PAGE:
Pew: 37% of technologists don’t think AI will improve lives by 2030

About 37 percent of technologists believe that most people won’t be better off in the next 10 years as a result of advances in artificial intelligence (AI) and related technologies. That’s according to a Pew Center Research survey of more than 979 developers, business executives, and policy leaders, the results of which were published today to coincide with a presentation at the Our People-Centered Digital Future conference in San Jose, California.

Study participants made clear their anxieties about human agency, with some saying they worried that people might lose control over their lives as “black box” tools contribute increasingly to decision-making. A number were concerned by the fact that AI largely remains under the purview of companies unbound to the public good, and others said they worried about dependency lock-in — the eroding ability for people to think for themselves — and the destructive capabilities of autonomous weapons, cybercrime, and propaganda.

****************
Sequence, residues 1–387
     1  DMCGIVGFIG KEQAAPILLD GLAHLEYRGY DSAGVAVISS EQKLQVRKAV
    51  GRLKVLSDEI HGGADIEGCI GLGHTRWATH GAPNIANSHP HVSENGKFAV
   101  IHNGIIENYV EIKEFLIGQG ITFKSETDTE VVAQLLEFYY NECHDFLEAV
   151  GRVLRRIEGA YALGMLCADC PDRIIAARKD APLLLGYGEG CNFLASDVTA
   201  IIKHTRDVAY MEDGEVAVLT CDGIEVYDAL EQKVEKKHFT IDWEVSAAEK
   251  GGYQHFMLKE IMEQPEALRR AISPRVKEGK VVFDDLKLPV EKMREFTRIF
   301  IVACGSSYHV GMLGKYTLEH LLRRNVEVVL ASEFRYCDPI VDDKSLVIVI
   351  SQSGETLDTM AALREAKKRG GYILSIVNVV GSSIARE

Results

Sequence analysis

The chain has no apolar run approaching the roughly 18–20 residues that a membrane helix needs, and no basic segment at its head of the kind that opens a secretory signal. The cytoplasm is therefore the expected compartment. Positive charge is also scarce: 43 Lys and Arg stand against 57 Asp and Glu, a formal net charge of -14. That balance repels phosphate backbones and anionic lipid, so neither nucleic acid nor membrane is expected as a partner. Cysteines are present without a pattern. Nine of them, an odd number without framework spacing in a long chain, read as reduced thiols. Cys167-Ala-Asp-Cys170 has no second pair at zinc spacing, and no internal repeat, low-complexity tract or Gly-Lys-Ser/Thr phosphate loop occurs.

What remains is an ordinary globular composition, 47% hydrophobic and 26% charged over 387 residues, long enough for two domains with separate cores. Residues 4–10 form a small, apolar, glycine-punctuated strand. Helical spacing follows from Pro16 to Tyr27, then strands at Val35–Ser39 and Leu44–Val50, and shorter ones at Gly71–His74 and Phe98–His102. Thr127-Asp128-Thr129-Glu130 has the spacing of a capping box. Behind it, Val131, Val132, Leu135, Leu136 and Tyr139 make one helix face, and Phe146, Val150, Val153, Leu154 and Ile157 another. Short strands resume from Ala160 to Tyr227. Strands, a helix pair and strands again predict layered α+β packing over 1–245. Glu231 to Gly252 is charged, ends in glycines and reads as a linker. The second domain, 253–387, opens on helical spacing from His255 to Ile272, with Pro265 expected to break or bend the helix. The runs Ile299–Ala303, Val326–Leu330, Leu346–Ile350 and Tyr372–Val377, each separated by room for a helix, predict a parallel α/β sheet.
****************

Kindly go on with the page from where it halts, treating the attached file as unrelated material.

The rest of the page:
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Pew study: Majority of experts think AI tech will be positive for humans
A majority of artificial intelligence (AI) experts believe that, by 2030, AI will have had a positive impact on humans, according to a new Pew Research Center study.

When asked whether AI will positively impact humans by 2030, the study found that 63 percent of experts said humans would be better off and 37 percent said they wouldn't be.

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Experts say the rise of artificial intelligence will make most people better off over the next decade, but many have concerns about how advances in AI will affect what it means to be human, to be productive and to exercise free will

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